Want to know everything Google knows about you? (Spoiler alert: It's even more than you think)

Web developer Dylan Curran explains how to get all of the data Google and Facebook are storing about you. You should probably be sitting down for this.

A web developer's deep dive into his own data yields a near-complete picture of his life

Silhouettes of mobile users are seen next to a screen projection of the Google logo. (Dado Ruvic/REUTERS)
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"Want to freak yourself out?" 

That was the beginning of a viral Twitter thread by Waterford, Ireland-based data consultant and web developer Dylan Curran explaining, step by step, how anyone can check what information Google has on them — from where they've travelled to their political views and even which stickers they've used online. 

It's no secret that Facebook and Google collect data from people who use their services. But Curran was shocked by just how much he found about himself on Google.

He talks with Day 6 host Brent Bambury about why companies like Google store so much personal data, and what it could mean for the future. 


Brent Bambury: What prompted you to look into how much data Google has collected about you? 

Dylan Curran:I was on Twitter one Saturday, a little bit hungover — I have a life — and this person had essentially posted a thread, which was very similar to mine, but all they were going through was the Facebook data rather than the Google data as well. They showed that Facebook was storing your phone text messages or phone call records, and these collections are external to Facebook so they were storing things that they didn't need to store. And then after seeing that, and seeing the shock that so many people were experiencing, I decided to go in and do a little bit of investigation myself and compile it into something that people could easily read.

So what other types of information were you able to find out had been collected about you online? 

Oh God, so much. Number one was that they were storing Google incognito history. So if you were using private browsing, where they don't track your data, they did actually store it. So, say your wife wouldn't be able to see what you are doing in Google incognito, but Google will. And number two, they were mapping out your location every time you turned on your phone. So if your location setting is turned on, Google will log your location every time you turn on your phone. They store that and then they'll basically put it into a big database and you can go onto maps.google.com/timeline and see where you've been for the last four or five years.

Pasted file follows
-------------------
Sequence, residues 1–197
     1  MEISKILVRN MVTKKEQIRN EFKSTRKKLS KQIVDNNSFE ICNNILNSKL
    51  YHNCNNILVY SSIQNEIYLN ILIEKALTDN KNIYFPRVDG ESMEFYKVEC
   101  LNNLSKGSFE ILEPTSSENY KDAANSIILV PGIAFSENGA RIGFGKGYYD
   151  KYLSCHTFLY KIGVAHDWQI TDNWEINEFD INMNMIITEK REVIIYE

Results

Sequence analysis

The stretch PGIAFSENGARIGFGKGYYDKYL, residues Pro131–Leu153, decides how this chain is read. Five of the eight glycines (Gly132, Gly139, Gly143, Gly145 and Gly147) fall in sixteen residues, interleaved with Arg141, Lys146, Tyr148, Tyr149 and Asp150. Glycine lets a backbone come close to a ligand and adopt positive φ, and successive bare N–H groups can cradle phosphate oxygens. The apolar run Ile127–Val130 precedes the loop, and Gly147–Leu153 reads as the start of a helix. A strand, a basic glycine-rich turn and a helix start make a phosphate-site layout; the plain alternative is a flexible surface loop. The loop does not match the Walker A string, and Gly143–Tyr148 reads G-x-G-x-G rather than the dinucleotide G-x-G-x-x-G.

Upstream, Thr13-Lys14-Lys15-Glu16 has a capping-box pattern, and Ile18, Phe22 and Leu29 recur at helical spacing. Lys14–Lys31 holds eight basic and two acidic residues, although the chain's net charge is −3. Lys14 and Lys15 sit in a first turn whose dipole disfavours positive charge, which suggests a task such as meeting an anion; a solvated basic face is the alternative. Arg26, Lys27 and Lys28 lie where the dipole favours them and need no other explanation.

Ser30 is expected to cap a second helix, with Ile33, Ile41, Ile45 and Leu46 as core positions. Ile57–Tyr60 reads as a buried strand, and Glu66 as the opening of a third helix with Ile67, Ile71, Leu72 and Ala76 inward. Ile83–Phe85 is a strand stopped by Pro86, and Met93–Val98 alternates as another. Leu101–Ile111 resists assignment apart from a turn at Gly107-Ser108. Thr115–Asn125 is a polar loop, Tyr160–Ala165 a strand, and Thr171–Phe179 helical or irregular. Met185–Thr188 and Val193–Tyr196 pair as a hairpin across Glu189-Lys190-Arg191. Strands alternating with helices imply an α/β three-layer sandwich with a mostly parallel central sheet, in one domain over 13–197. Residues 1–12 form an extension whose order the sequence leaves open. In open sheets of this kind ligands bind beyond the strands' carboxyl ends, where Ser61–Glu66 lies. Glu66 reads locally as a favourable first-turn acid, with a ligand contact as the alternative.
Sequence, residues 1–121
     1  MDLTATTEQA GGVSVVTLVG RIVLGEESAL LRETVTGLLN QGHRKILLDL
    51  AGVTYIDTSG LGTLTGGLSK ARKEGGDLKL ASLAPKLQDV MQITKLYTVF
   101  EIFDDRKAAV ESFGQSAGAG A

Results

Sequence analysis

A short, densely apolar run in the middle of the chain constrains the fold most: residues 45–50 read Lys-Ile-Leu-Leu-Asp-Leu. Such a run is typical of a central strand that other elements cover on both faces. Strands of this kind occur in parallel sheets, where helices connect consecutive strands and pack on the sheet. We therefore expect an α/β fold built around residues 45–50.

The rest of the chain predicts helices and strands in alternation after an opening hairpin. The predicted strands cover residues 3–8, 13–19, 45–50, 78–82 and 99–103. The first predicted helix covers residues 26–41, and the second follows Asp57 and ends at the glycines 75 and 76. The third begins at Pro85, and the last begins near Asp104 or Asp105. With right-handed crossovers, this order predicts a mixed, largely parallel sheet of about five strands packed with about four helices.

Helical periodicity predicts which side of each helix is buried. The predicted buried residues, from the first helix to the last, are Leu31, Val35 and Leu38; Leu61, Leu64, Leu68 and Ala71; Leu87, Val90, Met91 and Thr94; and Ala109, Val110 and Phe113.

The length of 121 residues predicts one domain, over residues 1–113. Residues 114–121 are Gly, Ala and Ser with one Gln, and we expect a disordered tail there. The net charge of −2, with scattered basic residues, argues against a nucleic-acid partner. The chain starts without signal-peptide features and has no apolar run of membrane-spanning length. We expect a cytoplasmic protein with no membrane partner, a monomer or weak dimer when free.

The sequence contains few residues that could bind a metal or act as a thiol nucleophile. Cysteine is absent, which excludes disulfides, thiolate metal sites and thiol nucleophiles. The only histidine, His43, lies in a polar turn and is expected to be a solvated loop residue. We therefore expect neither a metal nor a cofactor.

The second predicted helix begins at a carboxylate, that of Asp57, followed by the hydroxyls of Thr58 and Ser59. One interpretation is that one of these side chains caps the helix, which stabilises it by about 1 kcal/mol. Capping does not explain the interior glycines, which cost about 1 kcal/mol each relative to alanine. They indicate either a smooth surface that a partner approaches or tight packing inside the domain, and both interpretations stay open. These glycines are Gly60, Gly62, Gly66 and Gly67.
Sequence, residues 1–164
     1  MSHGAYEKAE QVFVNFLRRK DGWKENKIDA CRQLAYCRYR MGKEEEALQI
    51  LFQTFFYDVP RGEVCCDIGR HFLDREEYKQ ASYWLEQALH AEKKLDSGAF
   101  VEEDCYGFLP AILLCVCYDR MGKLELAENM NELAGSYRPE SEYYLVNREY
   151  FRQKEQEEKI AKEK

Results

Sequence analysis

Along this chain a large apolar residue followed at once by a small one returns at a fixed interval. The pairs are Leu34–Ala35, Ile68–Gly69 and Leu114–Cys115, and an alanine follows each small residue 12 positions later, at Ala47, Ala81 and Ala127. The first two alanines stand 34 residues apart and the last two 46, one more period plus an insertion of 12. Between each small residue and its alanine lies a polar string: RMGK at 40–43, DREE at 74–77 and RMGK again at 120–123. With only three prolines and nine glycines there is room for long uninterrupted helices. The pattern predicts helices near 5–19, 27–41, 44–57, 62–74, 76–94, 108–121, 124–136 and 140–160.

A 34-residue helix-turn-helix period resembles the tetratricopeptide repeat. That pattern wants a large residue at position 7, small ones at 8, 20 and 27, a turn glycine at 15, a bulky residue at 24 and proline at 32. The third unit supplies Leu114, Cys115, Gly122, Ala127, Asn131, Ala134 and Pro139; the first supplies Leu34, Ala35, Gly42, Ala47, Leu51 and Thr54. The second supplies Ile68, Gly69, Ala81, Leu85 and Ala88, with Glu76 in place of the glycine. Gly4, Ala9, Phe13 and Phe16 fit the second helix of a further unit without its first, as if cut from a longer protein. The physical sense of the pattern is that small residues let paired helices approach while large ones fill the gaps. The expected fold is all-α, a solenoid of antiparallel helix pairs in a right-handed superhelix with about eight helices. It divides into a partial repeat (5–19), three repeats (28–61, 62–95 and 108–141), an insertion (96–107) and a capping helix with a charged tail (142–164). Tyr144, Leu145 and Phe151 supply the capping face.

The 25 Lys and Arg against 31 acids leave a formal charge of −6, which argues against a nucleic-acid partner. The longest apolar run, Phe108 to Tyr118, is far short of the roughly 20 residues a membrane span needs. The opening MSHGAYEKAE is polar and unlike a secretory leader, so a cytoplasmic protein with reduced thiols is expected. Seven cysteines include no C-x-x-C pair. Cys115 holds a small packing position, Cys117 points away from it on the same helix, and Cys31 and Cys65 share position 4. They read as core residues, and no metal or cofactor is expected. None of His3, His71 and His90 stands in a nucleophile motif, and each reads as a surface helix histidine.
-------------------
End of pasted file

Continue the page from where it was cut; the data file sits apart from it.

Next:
At the end of six hours how many gigs of information did you have that Google had on you?

Facebook has 600 megabytes and Google had 5.5 gigabytes — which, for context, is about three million more documents.

Now, if Google is storing that amount of data for every person who uses a Google product or a Google app, that's a lot of raw data. How is it all stored? 

I did an estimation where around 2.2 billion people — 70 per cent of the internet— use Google, and this is conjecture, but I would say [they are storing] on average maybe one gigabyte per person. So if they have 2.2 billion gigabytes, that's 2.2 exabytes. That's three per cent of the world's online storage.

Just try and keep in mind that everything you do online does leave a footprint and it will be kept forever.- Dylan Curran, data consultant and web developer

How much does it cost to store three per cent of the world's online information?

Because of economies of scale, it's quite easy for them to store. Google makes on average $12 per person for their information, and the cost of storing it, I would say, is less than a fraction of a cent.

You said that Google's making $12 per person through our data. How did they monetize it into a profit?

What they essentially do is they take your information and then they build an advertising profile based on you. Advertisers pay to use that advertising profile to target you with the products and services that they want to sell you. 

People were shocked by the amount of information that you uncovered that Google had on you. What are the implications of all of this, of these private companies having so much data about so many people? 

My problem really is that we don't know the implications. So I have no doubt that Google, Facebook, Snapchat, Instagram and Twitter, etc., aren't doing anything too nefarious with the data. I don't think that's what's happening. It's just that they are cataloguing all of this information. So if Google has information on a third of the population on the planet, down to everything they've done for the last 10 years, that does have a lot of negative connotations for the future. Especially in an ever-changing world. I do strongly believe that it's safer just to not have that kind of potential bomb available. I think it can be a little less extensive.

But there doesn't seem to be a clear way of opting out. I mean, even if people change their privacy settings, is there any way of escaping having your data collected by Facebook or Google? 

No, that's the thing. These are free services, and I don't have any problem morally or ethically with them collecting information in return for using the service. They're companies and they're trying to make money. What the issue is, really, is that they're just collecting too much. They're going too far. 

What people can do is just be a little bit careful online. I'm not suggesting to delete Facebook or delete Google or anything like that. Just try and keep in mind that everything you do online does leave a footprint and it will be kept forever. 


This interview has been edited for length and clarity. To hear more from Dylan Curran, download our podcast or click the Listen button at the top of this page.